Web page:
E-NEWS - 2014

Pivotal Justice Department Hearings on Sexual Abuse on Detention

Media Contacts:
Jesse Lerner-Kinglake –
(office) 213-384-1400, ext. 113
Chris Daley – (cell) 317-531-8559


On January 8-9, the Review Panel on Prison Rape will gather testimony from officials representing some of the country’s best- and worst-performing prisons, jails, and juvenile facilities.

Los Angeles and Washington, D.C., January 8, 2014 – The Review Panel on Prison Rape is holdings public hearings today and tomorrow on sexual abuse in detention. The panel, convened by the U.S. Department of Justice, will question officials from facilities with the highest and lowest rates of sexual abuse – shedding light on the problem of prisoner rape and best practices to stop it.

The hearings, which are required by the Prison Rape Elimination Act, will examine the findings of the Bureau of Justice Statistics’ (BJS) two most recent reports on sexual abuse behind bars: surveys of inmates in adult prisons and jails, released in May 2013, and of youth held in juvenile detention facilities, released in June 2013. These studies made clear that sexual abuse remains rampant in many facilities, while others have all but eliminated this violence.

“The BJS research shows beyond a doubt that sexual abuse in detention is preventable,” said Lovisa Stannow, Executive Director of Just Detention International. “There are some facilities with appallingly high rates of sexual abuse. Yet many others are upholding their basic responsibility of keeping inmates safe. The Review Panel hearings will highlight the policies and practices that account for the dramatic differences between safe and dangerous facilities.”

Today, the panel will gather evidence on sexual abuse in state prisons and jails. The hearings will feature officials from three prisons and three jails found by the BJS to have exceptionally high rates of sexual abuse, and from two prisons and two jails found to have very low rates. In the high-prevalence prisons, at least 13.9 percent of inmates reported being sexually abused – more than three times the national average (4 percent). (The panel has posted an agenda online that lists the ten prisons and jails included in the hearings.)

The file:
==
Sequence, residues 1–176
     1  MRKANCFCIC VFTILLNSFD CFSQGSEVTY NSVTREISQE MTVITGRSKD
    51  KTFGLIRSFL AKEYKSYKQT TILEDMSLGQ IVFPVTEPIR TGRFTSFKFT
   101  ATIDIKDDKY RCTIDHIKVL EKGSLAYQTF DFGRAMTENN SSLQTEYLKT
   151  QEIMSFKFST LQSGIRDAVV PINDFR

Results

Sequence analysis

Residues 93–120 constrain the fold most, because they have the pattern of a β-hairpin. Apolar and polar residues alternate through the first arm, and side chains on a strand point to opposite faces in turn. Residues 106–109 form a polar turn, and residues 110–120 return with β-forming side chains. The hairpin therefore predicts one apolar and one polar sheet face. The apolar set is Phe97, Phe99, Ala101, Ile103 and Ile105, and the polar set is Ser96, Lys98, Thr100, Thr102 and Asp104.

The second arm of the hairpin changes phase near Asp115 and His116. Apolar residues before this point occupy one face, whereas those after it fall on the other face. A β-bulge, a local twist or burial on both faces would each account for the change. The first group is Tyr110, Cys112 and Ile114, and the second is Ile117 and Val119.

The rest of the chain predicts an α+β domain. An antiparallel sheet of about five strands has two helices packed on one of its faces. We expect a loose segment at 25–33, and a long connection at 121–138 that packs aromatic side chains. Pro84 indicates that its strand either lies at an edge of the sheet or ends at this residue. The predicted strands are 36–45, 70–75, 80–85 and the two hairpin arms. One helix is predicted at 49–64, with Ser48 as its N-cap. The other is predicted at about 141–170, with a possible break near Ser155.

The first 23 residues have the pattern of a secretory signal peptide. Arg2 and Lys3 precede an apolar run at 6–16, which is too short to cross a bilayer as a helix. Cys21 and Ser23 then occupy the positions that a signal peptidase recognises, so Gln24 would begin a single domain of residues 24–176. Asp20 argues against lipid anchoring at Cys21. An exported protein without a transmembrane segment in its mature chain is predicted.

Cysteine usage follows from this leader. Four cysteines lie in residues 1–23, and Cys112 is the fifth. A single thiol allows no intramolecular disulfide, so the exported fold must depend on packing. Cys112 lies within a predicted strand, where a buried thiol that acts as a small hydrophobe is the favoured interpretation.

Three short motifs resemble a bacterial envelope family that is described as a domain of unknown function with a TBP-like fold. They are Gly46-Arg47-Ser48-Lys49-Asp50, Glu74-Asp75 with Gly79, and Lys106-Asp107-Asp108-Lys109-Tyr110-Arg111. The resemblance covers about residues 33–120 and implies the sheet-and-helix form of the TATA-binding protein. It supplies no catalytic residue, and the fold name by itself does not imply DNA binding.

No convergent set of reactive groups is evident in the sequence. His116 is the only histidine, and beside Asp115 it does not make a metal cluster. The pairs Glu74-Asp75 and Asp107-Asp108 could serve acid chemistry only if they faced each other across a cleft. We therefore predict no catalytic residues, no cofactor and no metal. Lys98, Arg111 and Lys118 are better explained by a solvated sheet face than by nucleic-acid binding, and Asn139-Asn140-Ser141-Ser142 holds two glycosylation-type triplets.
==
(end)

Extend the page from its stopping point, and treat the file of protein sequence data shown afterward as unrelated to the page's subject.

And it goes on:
On January 9, the panel will focus on juvenile detention facilities, hearing testimony from representatives of the three worst and two best facilities, according to the BJS data. Shockingly, in two of the high-prevalence youth facilities – Paulding Regional Detention Center (Georgia) and Circleville Juvenile Correctional Facility (Ohio) – more than 30 percent of youth reported being sexually abused. By contrast, the two low-prevalence facilities – Owensboro Treatment Center (Kentucky) and Grand Mesa Youth Services Center (Colorado) – had no reported cases at all. Nationwide, the BJS found that 9.5 percent of youth in detention facilities reported sexual abuse, with a staggering 81 percent victimized by staff.

The Review Panel will also hear from a range of experts, including corrections officials, advocates, and rape crisis counselors. At Wednesday’s session, Bob Dumond, Senior Program Director at Just Detention International, will testify on the extreme vulnerability of adult prisoners with mental illness. In its 2013 survey of prisons and jails, the BJS found that people with mental illnesses were sexually abused at significantly higher rates than other inmates.

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The Review Panel hearings will be held at the Office of Justice Programs, Main Conference Room, Third Floor, 810 7th Street, N.W., Washington, D.C. 20531.  
– The Review Panel’s agenda for its hearings on prisons and jails can be found here, and the agenda for its hearings on youth detention facilities can be found here
– The BJS’s 2013 report on sexual abuse in adult prisons and jails can be found here
– The BJS’s 2013 report on sexual abuse in youth detention facilities can be found here

 

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